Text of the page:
Too many burgers and fries can raise metabolic syndrome riskJanuary 23rd, 2008 - 12:57 pm ICT by admin
Washington, Jan 23 (ANI): Too much meat, fried foods and diet soda increases the risk of developing metabolic syndrome, according to a new study.
Metabolic syndrome is a cluster of cardiovascular disease and diabetes risk factors including elevated waist circumference, high blood pressure, elevated triglycerides, good cholesterol and high fasting glucose levels. The presence of three or more of the factors increases a persons risk of developing diabetes and cardiovascular disease.
Researchers assessed the dietry intake of 9,514 participants in the Atherosclerosis Risk In Communities (ARIC) study.
Using a 66-item food frequency questionnaire responses the researchers categorized people by their dietary preferences into a Western-pattern diet and prudent-pattern diet.
Western-pattern diet gravely includes refined grains, processed meat, fried foods, red meat, eggs and soda, and light on fish, fruit, vegetables and whole grain products, while the prudent diet included cruciferous vegetables (e.g., cabbage, radish and broccoli), carotenoid vegetables (e.g., carrots, pumpkins, red pepper, cabbage, broccoli and spinach), fruit, fish and seafood, poultry and whole grains, along with low-fat dairy.
They also assessed associations with individual food items: fried foods, sweetened beverages (regular soda and fruit drinks), diet soda, nuts and coffee.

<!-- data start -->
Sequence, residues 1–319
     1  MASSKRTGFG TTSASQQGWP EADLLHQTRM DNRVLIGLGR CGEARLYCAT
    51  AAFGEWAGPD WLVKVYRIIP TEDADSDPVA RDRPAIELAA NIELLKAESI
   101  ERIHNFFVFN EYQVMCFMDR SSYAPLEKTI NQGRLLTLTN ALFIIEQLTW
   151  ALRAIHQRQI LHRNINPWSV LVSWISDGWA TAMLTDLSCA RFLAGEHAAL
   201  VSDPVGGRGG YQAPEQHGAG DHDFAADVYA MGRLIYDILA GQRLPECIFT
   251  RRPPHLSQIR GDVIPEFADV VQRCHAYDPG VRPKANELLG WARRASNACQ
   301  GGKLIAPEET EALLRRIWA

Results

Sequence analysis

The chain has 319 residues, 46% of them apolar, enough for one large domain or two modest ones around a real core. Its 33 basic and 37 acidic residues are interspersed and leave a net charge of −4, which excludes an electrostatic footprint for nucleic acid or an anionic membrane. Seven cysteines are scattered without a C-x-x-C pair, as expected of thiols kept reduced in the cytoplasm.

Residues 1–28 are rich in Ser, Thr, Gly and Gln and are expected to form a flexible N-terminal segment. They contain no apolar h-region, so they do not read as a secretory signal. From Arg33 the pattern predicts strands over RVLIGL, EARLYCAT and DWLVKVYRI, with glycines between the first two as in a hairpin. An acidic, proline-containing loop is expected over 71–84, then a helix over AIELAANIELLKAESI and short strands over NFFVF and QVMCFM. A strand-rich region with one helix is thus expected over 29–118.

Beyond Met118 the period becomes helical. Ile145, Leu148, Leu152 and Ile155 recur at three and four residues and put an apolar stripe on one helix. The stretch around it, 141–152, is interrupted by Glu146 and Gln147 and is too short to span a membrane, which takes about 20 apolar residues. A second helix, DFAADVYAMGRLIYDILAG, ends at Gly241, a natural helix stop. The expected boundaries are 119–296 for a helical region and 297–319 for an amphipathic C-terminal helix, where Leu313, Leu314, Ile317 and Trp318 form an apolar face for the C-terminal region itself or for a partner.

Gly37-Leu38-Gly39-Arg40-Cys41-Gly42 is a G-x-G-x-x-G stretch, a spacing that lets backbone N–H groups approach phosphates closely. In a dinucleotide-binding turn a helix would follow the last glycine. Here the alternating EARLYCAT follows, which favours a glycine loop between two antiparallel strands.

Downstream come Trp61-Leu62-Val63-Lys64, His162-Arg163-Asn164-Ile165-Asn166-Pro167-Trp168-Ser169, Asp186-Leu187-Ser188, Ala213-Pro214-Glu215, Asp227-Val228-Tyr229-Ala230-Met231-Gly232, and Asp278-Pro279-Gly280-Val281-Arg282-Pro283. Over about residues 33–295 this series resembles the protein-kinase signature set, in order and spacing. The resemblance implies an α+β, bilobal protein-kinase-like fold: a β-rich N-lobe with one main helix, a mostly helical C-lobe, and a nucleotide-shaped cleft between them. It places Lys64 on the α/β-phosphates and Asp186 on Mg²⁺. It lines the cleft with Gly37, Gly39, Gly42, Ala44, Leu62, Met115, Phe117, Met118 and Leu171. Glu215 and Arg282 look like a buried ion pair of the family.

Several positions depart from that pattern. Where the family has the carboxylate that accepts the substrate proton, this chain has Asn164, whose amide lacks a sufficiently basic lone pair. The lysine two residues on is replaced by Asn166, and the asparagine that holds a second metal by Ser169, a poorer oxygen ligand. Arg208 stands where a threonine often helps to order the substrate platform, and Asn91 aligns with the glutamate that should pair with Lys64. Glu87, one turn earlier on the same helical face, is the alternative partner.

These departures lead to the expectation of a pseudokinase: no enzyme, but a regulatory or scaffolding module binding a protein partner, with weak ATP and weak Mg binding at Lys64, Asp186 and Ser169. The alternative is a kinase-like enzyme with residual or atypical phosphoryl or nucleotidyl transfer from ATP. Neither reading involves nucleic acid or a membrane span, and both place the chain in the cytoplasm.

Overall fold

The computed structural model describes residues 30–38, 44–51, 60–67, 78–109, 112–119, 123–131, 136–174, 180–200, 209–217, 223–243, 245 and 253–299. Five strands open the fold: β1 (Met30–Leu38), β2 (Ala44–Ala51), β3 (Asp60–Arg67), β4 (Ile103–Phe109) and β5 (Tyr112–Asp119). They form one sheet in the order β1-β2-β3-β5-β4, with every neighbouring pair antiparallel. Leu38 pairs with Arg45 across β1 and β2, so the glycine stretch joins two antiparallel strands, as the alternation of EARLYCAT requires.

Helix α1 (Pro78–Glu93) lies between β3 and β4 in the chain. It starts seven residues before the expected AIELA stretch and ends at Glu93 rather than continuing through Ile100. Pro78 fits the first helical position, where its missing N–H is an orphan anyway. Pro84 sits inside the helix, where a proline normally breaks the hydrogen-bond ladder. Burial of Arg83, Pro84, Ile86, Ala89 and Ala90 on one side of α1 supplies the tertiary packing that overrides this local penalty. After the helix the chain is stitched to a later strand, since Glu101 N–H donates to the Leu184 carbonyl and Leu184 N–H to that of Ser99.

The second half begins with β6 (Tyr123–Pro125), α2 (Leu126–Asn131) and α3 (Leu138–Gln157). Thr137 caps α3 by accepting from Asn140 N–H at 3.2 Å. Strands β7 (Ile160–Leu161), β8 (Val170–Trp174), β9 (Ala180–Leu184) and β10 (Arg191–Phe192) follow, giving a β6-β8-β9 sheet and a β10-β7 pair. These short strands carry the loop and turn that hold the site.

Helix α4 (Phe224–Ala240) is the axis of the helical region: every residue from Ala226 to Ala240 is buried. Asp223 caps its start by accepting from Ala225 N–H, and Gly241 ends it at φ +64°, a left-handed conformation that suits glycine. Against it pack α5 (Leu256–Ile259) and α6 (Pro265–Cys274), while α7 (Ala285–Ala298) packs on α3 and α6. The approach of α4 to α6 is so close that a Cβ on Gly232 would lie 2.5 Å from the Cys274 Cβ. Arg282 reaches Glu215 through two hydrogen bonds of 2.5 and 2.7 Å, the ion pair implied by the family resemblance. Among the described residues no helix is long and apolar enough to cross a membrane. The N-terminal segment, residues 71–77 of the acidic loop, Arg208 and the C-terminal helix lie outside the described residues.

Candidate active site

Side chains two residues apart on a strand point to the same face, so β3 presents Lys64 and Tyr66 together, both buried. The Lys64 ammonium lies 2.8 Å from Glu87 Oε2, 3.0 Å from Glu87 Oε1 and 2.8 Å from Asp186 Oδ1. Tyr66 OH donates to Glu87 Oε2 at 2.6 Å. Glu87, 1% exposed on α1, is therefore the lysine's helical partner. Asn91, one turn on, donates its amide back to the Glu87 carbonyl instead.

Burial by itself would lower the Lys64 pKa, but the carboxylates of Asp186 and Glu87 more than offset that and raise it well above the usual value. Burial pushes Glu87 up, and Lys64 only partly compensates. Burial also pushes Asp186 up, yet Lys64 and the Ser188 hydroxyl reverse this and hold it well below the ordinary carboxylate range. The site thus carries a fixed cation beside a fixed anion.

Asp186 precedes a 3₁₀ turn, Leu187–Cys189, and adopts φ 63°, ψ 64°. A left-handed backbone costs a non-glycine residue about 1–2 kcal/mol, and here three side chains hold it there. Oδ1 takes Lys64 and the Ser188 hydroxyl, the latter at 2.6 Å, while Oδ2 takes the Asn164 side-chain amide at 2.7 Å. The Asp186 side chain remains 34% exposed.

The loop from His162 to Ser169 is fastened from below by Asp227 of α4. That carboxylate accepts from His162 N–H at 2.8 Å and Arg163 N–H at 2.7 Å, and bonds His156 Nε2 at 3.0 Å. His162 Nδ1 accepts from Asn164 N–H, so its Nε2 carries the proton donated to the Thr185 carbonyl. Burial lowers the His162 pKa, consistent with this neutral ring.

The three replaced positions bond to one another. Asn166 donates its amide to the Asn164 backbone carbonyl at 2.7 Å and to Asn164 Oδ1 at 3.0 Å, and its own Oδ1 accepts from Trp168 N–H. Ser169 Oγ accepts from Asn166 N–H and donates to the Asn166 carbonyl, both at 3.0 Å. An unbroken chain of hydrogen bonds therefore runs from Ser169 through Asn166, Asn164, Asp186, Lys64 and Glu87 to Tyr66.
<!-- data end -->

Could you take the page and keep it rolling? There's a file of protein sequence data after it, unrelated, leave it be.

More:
Over a period of nine years, 3,782 (nearly 40 percent) of the participants showed three or more risk factors for metabolic syndrome.
Healthy adults consuming two or more servings of meat a day had 25 percent increased risk compared with those who eat meat twice a week.
Fried foods are typically synonymous with commonly eaten fast foods, so I think it is safe to say that these findings support a link between fast-food consumption and an increase in metabolic risk factors, said Lyn M. Steffen, Ph.D., M.P.H., R.D., co-author of the study and an associate professor of epidemiology at the University of Minnesota.
After adjusting for demographic factors, smoking, physical activity and energy intake, consumption of a Western dietary pattern was adversely associated with metabolic syndrome.
One surprising finding was while it didnt increase the risk of metabolic syndrome, there was no evidence of a beneficial effect of consuming a prudent diet either, she added.
The team found that meat, fried foods and diet soda were all significantly associated with increased risk of metabolic syndrome, but consumption of dairy products was beneficial as it provided protection against metabolic syndrome.
However, the study did not address the mechanisms involved in the increased risk of metabolic syndrome.
The study appears in Journal of the American Heart Association. (ANI)
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